“Because such use may be associated with problematic behavioral changes and abandonment of social, occupational, or recreational activities, these patients may be at risk for worse postoperative and overall health outcomes in the postoperative, post-discharge period. In contrast, the preoperative and in-hospital period, during which a multidisciplinary team has full access to care for these patients, can thus serve as an opportune time for comprehensive social and medical intervention. As such, orthopedic surgeons and the multidisciplinary medical and social service team should remain aware of the risks these patients face, and perioperative interventions should be considered to optimize both long-term outcomes and general health improvement in these patients,” they wrote.
As NORML noted, other “studies have reported contrary findings, including a paper recently published in The Lancet which determined that patients diagnosed [with] cannabis use disorder more often required advanced post-procedural health care than did those with no recent history of use.”
We used to just call people stoners, that was enough. But the medical world always likes things to be more specific, and so now we have the term ‘cannabis use disorder’. But is this really a thing? Or a combination of fear-mongering, and over-enthusiasm to make everything into a problem? Read on and form your own opinion.
How is cannabis use disorder defined?
Though cannabis use goes back for thousands of years without a use issue stated, somehow, when legalizations started happening in the US, it popped up as a disorder. It’s currently listed in the DSM V, which came out in 2013. The DSM (Diagnostic and Statistical Manual of Mental Disorders) states the qualifications for psychiatric diagnoses. Since there aren’t medical diagnoses for these issues, this guide is meant to tell doctors how to diagnose psychiatric problems. In the previous edition which was used between 2000-2013 (the DSM IV), cannabis was associated with ‘dependence’ and ‘abuse.’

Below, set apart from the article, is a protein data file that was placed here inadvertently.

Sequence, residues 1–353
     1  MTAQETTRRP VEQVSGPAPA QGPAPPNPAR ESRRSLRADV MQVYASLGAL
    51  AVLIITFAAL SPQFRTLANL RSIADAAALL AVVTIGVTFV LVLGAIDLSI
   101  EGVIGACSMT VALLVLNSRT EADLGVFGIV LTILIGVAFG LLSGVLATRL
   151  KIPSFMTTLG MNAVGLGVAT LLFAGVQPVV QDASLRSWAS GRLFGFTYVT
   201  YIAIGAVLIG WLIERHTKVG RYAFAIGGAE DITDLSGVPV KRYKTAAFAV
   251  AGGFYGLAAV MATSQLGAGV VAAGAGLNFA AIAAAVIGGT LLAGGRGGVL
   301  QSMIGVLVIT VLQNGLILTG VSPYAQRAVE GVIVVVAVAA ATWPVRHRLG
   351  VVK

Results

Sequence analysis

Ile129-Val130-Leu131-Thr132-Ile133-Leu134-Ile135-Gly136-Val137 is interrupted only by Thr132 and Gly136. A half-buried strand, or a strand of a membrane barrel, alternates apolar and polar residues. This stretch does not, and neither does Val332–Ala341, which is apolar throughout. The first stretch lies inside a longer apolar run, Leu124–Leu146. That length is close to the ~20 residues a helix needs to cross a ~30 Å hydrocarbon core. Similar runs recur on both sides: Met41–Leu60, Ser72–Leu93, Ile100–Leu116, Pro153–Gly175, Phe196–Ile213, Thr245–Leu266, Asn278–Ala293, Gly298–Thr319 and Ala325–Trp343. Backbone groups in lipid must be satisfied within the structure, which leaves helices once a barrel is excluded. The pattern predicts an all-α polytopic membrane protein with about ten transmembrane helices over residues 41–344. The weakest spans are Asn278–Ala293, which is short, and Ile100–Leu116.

According to VeryWellMind, cannabis use disorder denotes “problematic marijuana use.” The site then goes on to list the symptoms related to this problematic use. These symptoms include:
“Continuing to use cannabis despite physical or psychological problems; continuing to use cannabis despite social or relationship problems; craving cannabis; difficulty controlling or cutting down cannabis use; giving up or reducing other activities in favor of cannabis use; problems at work, school, and home as a result of cannabis use; spending a lot of time on cannabis use; taking cannabis in high-risk situations; taking more cannabis than was intended; tolerance to cannabis; withdrawal when discontinuing cannabis.”
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However, given all this, it then goes on to stipulate: “Just because the name has changed and the term “cannabis use” has replaced “cannabis abuse” or “cannabis dependence” doesn’t mean that cannabis is not addictive. In fact, research shows conclusively that cannabis is addictive.” However, contrary to this article, research, in fact, does not show any ability for a physical addiction to cannabis, as well as no death toll; and the fact it was downgraded in this way, really says a lot about how innocuous it is.